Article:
Weber City, Virginia

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Weber City, Virginia
Railroad tracks and businesses along US 23 in Weber City
Railroad tracks and businesses along US 23 in Weber City
Location of Weber City, Virginia
Location of Weber City, Virginia
Coordinates: 36°37′24″N 82°33′40″W / 36.62333°N 82.56111°W / 36.62333; -82.56111Coordinates: 36°37′24″N 82°33′40″W / 36.62333°N 82.56111°W / 36.62333; -82.56111
CountryUnited States
StateVirginia
CountyScott
Area
 • Total1.72 sq mi (4.47 km2)
 • Land1.71 sq mi (4.43 km2)
 • Water0.01 sq mi (0.03 km2)
Elevation
1,306 ft (398 m)
Population
 (2010)
 • Total1,327
 • Estimate 
(2017)[2]
1,235
 • Density721.80/sq mi (278.61/km2)
Time zoneUTC−5 (Eastern (EST))
 • Summer (DST)UTC−4 (EDT)
ZIP code
24290
Area code(s)276
FIPS code51-83808[3]
GNIS feature ID1476430[4]

Weber City is an incorporated town in Scott County, Virginia, United States. The population was 1,327 at the 2010 census. It is part of the KingsportBristol (TN)Bristol (VA) Metropolitan Statistical Area, which is a component of the Johnson City–Kingsport–Bristol, TN-VA Combined Statistical Area – commonly known as the "Tri-Cities" region.

Name

Weber City is unique in how it received its name. The area was known as "Moccasin Gap" after the local gap that US 23 runs through. Local businessman Frank Parker, Sr., heard the future name on the Amos 'n' Andy radio show during a skit involving the upscale real estate development of "Weber City." As a joke, Parker erected a sign outside his service station on US 23 that read "Welcome to Weber City." However, by the time the town was incorporated in 1954, the area had become known locally as "Weber City." As such, the name was chosen for the new town.[5]

Geography

Weber City is located at 36°37′24″N 82°33′40″W / 36.62333°N 82.56111°W / 36.62333; -82.56111 (36.623284, −82.561039).[6]

According to the United States Census Bureau, the town has a total area of 1.1 square miles (2.8 km2), all land.

Weber City is located on the southern side of Moccasin Gap, a natural break in the mountains caused by Big Moccasin Creek, which was used by pioneers headed into Tennessee. To the south of Weber City, another gap leads into Tennessee. US 23 is the main road through Weber City and a primary north/south corridor for western Virginia.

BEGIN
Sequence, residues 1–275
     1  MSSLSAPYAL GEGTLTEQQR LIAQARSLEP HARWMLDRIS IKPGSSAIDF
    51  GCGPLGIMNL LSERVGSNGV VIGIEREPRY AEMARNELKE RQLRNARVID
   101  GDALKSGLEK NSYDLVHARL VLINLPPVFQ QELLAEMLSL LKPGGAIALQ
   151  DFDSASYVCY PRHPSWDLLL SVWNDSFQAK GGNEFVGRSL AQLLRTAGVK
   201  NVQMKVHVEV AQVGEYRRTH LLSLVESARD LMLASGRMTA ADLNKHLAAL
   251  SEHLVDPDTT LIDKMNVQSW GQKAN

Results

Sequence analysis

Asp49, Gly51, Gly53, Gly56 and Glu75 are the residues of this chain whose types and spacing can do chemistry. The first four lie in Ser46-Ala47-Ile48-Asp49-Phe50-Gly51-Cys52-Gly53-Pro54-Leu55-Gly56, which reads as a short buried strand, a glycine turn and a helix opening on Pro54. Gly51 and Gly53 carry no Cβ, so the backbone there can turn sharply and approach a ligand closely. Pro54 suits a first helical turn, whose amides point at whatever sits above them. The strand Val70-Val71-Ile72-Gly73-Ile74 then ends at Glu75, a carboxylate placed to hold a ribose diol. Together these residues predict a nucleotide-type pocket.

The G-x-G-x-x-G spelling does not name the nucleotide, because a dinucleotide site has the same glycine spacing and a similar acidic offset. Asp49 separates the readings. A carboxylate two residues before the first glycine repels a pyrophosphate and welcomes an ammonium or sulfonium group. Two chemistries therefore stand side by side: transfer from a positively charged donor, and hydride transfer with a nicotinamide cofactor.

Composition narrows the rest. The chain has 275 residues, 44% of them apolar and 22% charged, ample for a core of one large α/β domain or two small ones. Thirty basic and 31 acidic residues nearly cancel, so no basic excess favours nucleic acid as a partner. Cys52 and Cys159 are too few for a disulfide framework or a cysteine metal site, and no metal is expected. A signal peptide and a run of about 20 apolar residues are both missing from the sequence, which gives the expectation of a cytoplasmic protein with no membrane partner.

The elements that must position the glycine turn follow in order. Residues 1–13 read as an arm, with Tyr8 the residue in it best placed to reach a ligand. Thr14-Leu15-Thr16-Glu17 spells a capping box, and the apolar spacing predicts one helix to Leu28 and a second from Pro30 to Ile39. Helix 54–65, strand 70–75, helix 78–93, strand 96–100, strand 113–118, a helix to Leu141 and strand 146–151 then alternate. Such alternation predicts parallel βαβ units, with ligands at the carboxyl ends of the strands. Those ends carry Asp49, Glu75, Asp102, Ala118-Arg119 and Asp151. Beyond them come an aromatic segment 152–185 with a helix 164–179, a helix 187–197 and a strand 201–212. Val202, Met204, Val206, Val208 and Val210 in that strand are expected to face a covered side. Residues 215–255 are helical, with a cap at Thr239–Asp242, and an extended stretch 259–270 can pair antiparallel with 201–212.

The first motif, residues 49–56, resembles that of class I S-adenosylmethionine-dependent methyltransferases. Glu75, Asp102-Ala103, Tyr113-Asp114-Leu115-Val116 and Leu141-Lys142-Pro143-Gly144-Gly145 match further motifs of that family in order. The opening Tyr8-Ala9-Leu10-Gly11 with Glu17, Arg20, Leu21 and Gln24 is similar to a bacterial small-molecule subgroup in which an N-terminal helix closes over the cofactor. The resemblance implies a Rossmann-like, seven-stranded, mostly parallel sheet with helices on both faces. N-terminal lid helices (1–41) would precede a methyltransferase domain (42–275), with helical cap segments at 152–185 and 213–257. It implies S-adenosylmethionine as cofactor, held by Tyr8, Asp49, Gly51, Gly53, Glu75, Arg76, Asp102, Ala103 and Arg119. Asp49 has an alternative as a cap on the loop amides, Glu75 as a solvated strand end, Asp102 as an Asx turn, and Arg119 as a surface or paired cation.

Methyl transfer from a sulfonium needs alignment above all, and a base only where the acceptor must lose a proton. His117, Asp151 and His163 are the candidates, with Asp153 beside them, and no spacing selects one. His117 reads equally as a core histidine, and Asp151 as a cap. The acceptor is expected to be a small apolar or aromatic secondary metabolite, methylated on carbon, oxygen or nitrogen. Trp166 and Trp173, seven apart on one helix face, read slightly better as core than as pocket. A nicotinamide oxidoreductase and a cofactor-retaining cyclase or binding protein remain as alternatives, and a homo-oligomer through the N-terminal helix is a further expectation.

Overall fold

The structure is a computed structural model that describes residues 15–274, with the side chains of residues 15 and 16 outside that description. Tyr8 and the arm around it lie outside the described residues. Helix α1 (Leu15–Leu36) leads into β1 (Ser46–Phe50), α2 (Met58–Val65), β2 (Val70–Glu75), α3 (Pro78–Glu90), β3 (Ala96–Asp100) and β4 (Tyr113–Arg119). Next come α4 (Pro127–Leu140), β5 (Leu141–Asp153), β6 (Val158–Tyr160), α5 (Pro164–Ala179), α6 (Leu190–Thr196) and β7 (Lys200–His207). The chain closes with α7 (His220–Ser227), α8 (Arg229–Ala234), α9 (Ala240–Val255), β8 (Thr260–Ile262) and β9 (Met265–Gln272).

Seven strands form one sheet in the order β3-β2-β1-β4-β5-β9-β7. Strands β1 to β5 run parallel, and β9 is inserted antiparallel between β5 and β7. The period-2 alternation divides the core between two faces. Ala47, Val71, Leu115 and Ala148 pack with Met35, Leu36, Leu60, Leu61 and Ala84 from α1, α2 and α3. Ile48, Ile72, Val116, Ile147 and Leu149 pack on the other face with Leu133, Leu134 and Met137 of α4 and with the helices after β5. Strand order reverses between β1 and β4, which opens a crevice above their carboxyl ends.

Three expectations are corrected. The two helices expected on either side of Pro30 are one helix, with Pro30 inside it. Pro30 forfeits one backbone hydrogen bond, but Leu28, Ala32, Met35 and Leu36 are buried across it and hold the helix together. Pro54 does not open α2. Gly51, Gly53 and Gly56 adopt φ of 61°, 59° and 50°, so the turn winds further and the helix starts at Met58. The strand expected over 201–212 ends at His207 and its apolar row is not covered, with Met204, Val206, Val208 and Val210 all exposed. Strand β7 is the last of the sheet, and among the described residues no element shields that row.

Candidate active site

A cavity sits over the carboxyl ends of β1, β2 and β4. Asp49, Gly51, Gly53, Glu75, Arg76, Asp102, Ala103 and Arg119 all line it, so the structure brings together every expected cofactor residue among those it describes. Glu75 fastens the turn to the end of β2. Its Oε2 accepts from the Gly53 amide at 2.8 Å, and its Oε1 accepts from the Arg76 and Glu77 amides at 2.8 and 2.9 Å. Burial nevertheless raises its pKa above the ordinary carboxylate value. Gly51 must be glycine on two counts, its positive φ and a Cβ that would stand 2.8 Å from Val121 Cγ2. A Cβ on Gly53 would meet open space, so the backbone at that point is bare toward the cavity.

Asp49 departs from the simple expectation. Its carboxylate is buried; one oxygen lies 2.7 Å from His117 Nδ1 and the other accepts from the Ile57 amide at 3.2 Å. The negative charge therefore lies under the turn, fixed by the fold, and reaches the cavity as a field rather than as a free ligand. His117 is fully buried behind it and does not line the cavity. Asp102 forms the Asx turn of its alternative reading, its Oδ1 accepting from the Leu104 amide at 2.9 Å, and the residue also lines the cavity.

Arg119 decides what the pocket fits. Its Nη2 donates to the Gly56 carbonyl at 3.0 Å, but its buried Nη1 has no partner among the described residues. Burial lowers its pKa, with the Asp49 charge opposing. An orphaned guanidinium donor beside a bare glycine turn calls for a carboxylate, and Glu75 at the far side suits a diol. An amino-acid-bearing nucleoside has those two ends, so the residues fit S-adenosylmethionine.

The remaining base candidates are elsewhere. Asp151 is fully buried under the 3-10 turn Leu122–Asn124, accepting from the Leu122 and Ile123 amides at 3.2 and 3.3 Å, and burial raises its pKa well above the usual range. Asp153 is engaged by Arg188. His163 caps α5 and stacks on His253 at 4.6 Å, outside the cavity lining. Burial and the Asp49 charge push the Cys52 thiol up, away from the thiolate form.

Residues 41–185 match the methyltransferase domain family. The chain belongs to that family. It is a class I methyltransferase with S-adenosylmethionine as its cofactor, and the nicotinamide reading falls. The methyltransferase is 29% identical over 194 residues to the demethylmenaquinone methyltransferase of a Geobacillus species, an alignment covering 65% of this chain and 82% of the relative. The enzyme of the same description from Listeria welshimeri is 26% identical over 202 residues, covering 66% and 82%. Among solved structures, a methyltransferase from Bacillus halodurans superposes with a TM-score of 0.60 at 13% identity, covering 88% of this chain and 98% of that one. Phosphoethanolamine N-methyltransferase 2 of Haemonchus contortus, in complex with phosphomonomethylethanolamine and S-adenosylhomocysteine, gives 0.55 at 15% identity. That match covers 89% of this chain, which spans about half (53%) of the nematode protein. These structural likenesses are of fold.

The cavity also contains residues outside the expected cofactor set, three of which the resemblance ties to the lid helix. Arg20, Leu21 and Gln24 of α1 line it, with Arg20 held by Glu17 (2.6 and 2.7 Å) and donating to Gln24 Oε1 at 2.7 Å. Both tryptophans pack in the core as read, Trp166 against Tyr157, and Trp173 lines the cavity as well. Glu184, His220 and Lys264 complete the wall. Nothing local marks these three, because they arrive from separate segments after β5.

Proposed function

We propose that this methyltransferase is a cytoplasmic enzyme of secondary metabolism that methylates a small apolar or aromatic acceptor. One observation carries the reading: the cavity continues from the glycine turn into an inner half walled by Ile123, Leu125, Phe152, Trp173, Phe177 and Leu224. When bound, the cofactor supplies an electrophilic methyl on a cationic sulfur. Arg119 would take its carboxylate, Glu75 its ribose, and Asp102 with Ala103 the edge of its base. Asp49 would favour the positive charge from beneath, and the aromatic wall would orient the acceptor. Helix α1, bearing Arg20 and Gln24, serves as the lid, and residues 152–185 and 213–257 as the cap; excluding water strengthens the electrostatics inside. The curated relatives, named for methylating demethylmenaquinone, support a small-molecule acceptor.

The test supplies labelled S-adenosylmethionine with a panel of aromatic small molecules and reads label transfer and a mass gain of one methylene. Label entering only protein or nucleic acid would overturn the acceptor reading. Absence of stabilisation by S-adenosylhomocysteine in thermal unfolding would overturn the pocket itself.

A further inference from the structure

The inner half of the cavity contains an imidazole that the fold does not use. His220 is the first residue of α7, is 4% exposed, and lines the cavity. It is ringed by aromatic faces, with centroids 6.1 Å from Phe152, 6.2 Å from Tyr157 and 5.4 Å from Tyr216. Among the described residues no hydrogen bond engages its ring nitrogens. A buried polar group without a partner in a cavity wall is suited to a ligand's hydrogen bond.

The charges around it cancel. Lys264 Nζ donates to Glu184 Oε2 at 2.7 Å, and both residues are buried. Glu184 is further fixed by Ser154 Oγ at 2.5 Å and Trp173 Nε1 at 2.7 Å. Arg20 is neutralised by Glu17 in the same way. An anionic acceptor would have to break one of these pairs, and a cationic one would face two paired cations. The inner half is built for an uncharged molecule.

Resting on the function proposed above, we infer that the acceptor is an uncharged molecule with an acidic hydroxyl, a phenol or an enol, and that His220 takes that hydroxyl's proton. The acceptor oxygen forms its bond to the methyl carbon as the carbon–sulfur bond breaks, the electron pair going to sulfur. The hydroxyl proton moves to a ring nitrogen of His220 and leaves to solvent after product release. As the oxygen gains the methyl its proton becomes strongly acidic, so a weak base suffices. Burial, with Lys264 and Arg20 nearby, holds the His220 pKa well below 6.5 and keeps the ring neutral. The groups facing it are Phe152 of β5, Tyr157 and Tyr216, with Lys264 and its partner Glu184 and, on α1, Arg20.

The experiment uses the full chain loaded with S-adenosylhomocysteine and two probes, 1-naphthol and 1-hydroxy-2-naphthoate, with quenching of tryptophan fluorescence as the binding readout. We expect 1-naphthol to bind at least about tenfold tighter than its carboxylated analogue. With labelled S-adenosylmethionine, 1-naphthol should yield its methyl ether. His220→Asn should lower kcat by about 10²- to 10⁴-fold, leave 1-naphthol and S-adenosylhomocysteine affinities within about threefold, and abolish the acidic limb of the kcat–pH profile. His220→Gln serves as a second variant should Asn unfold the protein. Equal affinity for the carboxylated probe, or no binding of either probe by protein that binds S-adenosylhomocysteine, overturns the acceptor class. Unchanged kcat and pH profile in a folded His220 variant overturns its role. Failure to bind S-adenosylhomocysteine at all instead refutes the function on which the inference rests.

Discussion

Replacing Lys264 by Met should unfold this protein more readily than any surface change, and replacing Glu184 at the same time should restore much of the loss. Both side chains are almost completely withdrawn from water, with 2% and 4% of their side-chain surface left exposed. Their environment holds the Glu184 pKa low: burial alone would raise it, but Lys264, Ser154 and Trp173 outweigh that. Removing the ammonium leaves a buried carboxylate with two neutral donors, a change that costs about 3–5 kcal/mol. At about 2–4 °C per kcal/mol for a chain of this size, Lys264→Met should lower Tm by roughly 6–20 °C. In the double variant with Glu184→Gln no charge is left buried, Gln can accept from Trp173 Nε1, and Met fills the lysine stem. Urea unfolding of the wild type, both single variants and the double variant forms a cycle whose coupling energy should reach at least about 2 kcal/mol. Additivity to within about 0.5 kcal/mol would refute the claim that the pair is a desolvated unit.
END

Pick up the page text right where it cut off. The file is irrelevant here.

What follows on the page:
Demographics

Historical population
Census Pop.
19601,274
19701,67631.6%
19801,543−7.9%
19901,377−10.8%
20001,333−3.2%
20101,327−0.5%
Est. 20171,235[2]−6.9%
U.S. Decennial Census[7]

As of the census[3] of 2000, there were 1,333 people, 605 households, and 382 families residing in the town. The population density was 1,170.5 people per square mile (451.5/km²). There were 689 housing units at an average density of 605.0 per square mile (233.4/km²). The racial makeup of the town was 98.35% White, 0.90% African American, 0.08% Native American, 0.30% from other races, and 0.38% from two or more races. Hispanic or Latino of any race were 0.30% of the population.

There were 605 households out of which 20.2% had children under the age of 18 living with them, 47.4% were married couples living together, 12.9% had a female householder with no husband present, and 36.7% were non-families. 34.7% of all households were made up of individuals and 18.0% had someone living alone who was 65 years of age or older. The average household size was 2.08 and the average family size was 2.64.

In the town, the population was spread out with 16.7% under the age of 18, 7.9% from 18 to 24, 22.4% from 25 to 44, 25.3% from 45 to 64, and 27.7% who were 65 years of age or older. The median age was 47 years. For every 100 females, there were 78.0 males. For every 100 females age 18 and over, there were 76.5 males.

The median income for a household in the town was $25,744, and the median income for a family was $35,833. Males had a median income of $33,958 versus $21,726 for females. The per capita income for the town was $15,856. About 11.1% of families and 14.1% of the population were below the poverty line, including 20.9% of those under age 18 and 10.4% of those age 65 or over.

References

  1. ^ "2017 U.S. Gazetteer Files". United States Census Bureau. Retrieved Mar 28, 2019.
  2. ^ a b "Population and Housing Unit Estimates". Retrieved March 24, 2018.
  3. ^ a b "American FactFinder". United States Census Bureau. Retrieved 2008-01-31.
  4. ^ "US Board on Geographic Names". United States Geological Survey. 2007-10-25. Retrieved 2008-01-31.
  5. ^ "Obituary of Frank Parker, Sr.," Kingsport Times, 27 April 1966, p. 5.
  6. ^ "US Gazetteer files: 2010, 2000, and 1990". United States Census Bureau. 2011-02-12. Retrieved 2011-04-23.
  7. ^ "Census of Population and Housing". Census.gov. Retrieved June 4, 2015.

External links